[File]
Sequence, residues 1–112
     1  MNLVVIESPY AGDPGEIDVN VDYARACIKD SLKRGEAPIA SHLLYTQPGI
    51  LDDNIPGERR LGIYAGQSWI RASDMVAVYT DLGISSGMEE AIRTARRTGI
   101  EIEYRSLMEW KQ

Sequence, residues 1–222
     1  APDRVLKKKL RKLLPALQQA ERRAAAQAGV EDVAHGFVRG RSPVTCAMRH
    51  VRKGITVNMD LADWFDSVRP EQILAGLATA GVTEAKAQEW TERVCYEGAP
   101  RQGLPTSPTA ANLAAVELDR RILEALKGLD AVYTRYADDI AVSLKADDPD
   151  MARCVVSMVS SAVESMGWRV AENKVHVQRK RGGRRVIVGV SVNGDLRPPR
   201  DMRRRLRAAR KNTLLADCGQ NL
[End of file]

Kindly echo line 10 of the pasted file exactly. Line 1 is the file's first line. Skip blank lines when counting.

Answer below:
   201  DMRRRLRAAR KNTLLADCGQ NL